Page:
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Bledsoe et al., Paramedic Care: Principles & Practice, Volume 3: Medical Emergencies, 3rd Ed. © 2009 by Pearson Education, Inc. Upper Saddle River, NJ.

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Presentation on theme: "Bledsoe et al., Paramedic Care: Principles & Practice, Volume 3: Medical Emergencies, 3rd Ed. © 2009 by Pearson Education, Inc. Upper Saddle River, NJ."— Presentation transcript:

1 Bledsoe et al., Paramedic Care: Principles & Practice, Volume 3: Medical Emergencies, 3rd Ed. © 2009 by Pearson Education, Inc. Upper Saddle River, NJ Paramedic Care: Principles & Practice Volume 3 Medical Emergencies

2 Bledsoe et al., Paramedic Care: Principles & Practice, Volume 3: Medical Emergencies, 3rd Ed. © 2009 by Pearson Education, Inc. Upper Saddle River, NJ Chapter 3 Neurology

3 Bledsoe et al., Paramedic Care: Principles & Practice, Volume 3: Medical Emergencies, 3rd Ed. © 2009 by Pearson Education, Inc. Upper Saddle River, NJ Topics Anatomy and Physiology Pathophysiology General Assessment Findings Management of Specific Nervous System Emergencies

4 Bledsoe et al., Paramedic Care: Principles & Practice, Volume 3: Medical Emergencies, 3rd Ed. © 2009 by Pearson Education, Inc. Upper Saddle River, NJ Anatomy and Physiology

5 Bledsoe et al., Paramedic Care: Principles & Practice, Volume 3: Medical Emergencies, 3rd Ed. © 2009 by Pearson Education, Inc. Upper Saddle River, NJ Anatomy and Physiology The nervous system consists of two main divisions: –Central Nervous System Brain and spinal cord –The peripheral nervous system Somatic Autonomic

6 Bledsoe et al., Paramedic Care: Principles & Practice, Volume 3: Medical Emergencies, 3rd Ed. © 2009 by Pearson Education, Inc. Upper Saddle River, NJ Anatomy and Physiology The Central Nervous System –The Neuron –Protective Structures –The Brain –The Spinal Cord

7 Bledsoe et al., Paramedic Care: Principles & Practice, Volume 3: Medical Emergencies, 3rd Ed. © 2009 by Pearson Education, Inc. Upper Saddle River, NJ The Neuron –Dendrites –Axons –Synapse –Neurotransmitters Central Nervous System

8 Bledsoe et al., Paramedic Care: Principles & Practice, Volume 3: Medical Emergencies, 3rd Ed. © 2009 by Pearson Education, Inc. Upper Saddle River, NJ Central Nervous System Protective Structures –The Skull Cranium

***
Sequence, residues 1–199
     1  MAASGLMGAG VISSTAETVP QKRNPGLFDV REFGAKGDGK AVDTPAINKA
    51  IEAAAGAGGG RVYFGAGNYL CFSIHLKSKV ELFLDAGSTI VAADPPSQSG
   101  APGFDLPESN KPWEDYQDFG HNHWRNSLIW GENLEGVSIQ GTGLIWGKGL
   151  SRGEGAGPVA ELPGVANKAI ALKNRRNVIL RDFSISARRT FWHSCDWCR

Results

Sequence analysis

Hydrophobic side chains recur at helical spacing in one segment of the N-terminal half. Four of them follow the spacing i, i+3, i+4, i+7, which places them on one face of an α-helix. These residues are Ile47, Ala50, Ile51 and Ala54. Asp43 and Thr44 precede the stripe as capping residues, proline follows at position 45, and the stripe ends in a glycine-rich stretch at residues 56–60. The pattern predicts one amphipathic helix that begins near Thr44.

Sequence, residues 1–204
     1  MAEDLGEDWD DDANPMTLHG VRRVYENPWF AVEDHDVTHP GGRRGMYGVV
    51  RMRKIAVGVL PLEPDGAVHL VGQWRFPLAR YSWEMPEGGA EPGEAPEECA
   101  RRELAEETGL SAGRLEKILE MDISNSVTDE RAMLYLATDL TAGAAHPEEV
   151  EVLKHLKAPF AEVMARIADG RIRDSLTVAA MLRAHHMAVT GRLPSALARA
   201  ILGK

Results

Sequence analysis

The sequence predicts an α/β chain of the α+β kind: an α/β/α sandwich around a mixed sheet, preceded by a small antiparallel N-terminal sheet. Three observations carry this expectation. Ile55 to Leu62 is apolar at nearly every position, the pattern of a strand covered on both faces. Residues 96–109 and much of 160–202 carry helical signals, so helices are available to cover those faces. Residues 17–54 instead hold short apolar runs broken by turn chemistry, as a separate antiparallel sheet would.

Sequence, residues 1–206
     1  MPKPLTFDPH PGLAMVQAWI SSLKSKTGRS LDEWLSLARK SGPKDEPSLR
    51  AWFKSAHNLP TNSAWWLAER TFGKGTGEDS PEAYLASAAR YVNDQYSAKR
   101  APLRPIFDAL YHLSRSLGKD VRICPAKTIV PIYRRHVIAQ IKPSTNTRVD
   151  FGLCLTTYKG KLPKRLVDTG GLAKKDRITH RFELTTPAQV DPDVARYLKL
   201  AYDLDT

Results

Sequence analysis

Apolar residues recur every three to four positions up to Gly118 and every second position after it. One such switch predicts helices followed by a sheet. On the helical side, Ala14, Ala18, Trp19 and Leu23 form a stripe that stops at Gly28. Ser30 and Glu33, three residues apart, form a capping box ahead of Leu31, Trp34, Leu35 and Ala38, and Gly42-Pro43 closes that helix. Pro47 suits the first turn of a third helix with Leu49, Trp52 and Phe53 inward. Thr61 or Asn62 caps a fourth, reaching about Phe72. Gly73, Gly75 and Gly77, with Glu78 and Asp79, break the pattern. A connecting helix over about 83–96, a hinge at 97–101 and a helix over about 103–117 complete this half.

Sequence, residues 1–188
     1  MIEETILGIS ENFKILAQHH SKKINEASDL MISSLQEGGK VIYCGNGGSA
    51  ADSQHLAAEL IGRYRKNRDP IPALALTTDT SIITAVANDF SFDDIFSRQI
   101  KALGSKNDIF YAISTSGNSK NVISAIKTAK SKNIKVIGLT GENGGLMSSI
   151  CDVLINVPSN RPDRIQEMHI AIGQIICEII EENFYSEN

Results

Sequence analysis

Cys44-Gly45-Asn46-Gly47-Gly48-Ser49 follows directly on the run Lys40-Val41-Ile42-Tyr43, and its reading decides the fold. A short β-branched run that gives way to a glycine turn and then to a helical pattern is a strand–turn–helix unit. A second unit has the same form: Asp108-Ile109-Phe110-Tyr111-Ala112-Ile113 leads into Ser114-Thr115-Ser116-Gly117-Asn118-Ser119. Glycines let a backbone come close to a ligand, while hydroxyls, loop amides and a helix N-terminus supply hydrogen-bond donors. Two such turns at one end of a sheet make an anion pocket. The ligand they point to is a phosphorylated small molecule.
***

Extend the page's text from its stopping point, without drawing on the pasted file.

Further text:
9 Bledsoe et al., Paramedic Care: Principles & Practice, Volume 3: Medical Emergencies, 3rd Ed. © 2009 by Pearson Education, Inc. Upper Saddle River, NJ Protective Structures –The Spine 33 vertebrae Spinal canal Central Nervous System

10 Bledsoe et al., Paramedic Care: Principles & Practice, Volume 3: Medical Emergencies, 3rd Ed. © 2009 by Pearson Education, Inc. Upper Saddle River, NJ Protective Structures –The Meninges 3 layers Cerebrospinal fluid Central Nervous System

11 Bledsoe et al., Paramedic Care: Principles & Practice, Volume 3: Medical Emergencies, 3rd Ed. © 2009 by Pearson Education, Inc. Upper Saddle River, NJ The Brain –Divisions of the Brain –Areas of Specialization Central Nervous System

12 Bledsoe et al., Paramedic Care: Principles & Practice, Volume 3: Medical Emergencies, 3rd Ed. © 2009 by Pearson Education, Inc. Upper Saddle River, NJ The Brain Click here to view an animation on the brain.here

13 Bledsoe et al., Paramedic Care: Principles & Practice, Volume 3: Medical Emergencies, 3rd Ed. © 2009 by Pearson Education, Inc. Upper Saddle River, NJ Central Nervous System The Brain –Vascular Supply Carotid system Vertebro- basilar Circle of Willis

14 Bledsoe et al., Paramedic Care: Principles & Practice, Volume 3: Medical Emergencies, 3rd Ed. © 2009 by Pearson Education, Inc. Upper Saddle River, NJ Central Nervous System The Spinal Cord –Responsible for Conducting impulses to and from the peripheral nervous system Reflexes 31 pair of nerves exit spinal cord

15 Bledsoe et al., Paramedic Care: Principles & Practice, Volume 3: Medical Emergencies, 3rd Ed. © 2009 by Pearson Education, Inc. Upper Saddle River, NJ Central Nervous System The Spinal Cord –Dorsal Roots Afferent fibers –Ventral Roots Efferent fibers –Dermatome

16 Bledsoe et al., Paramedic Care: Principles & Practice, Volume 3: Medical Emergencies, 3rd Ed. © 2009 by Pearson Education, Inc. Upper Saddle River, NJ Anatomy and Physiology The Peripheral Nervous System –Consists of cranial nerves and peripheral nerves –Automatic and voluntary functions –Categories of peripheral nerves Somatic sensory Somatic motor Visceral (autonomic) sensory Visceral (autonomic) motor